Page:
6. City Hall Subway Station
Decommissioned in 1945, this is a station unlike any other in New York, filled with stained glass, Roman brick, tiled vaults, arches and brass chandeliers. It was once the southern terminus of the Interborough Rapid Transit (IRT), which ran from City Hall to Grand Central, across 42nd street to Times Square and all the way north to 145th Street along Broadway. The design reflects the values of the City Beautiful architectural movement that believed beautiful architecture could engender a better civic society. The main consulting architects on the IRT stations were George Lewis Heins and Christopher Grant LaFarge. The glass skylights were made by R. Guastavino & Co.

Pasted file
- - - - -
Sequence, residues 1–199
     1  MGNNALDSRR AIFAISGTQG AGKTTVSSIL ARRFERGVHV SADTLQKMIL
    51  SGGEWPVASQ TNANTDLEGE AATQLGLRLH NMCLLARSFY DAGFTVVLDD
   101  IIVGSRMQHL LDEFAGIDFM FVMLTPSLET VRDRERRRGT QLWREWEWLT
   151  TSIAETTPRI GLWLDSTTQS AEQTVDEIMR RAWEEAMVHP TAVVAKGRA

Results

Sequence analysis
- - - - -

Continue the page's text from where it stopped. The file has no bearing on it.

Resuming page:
The curvature of the platform could not accommodate the longer trains we see today without extensive renovations, so the station was decommissioned in 1945 and is now one of the city’s most fascinating abandoned places. The station was designated an interior landmark in 1979. You can get a glimpse of the station by joining our tour of NYC’s underground subway.
Tour NYC’s Underground Subway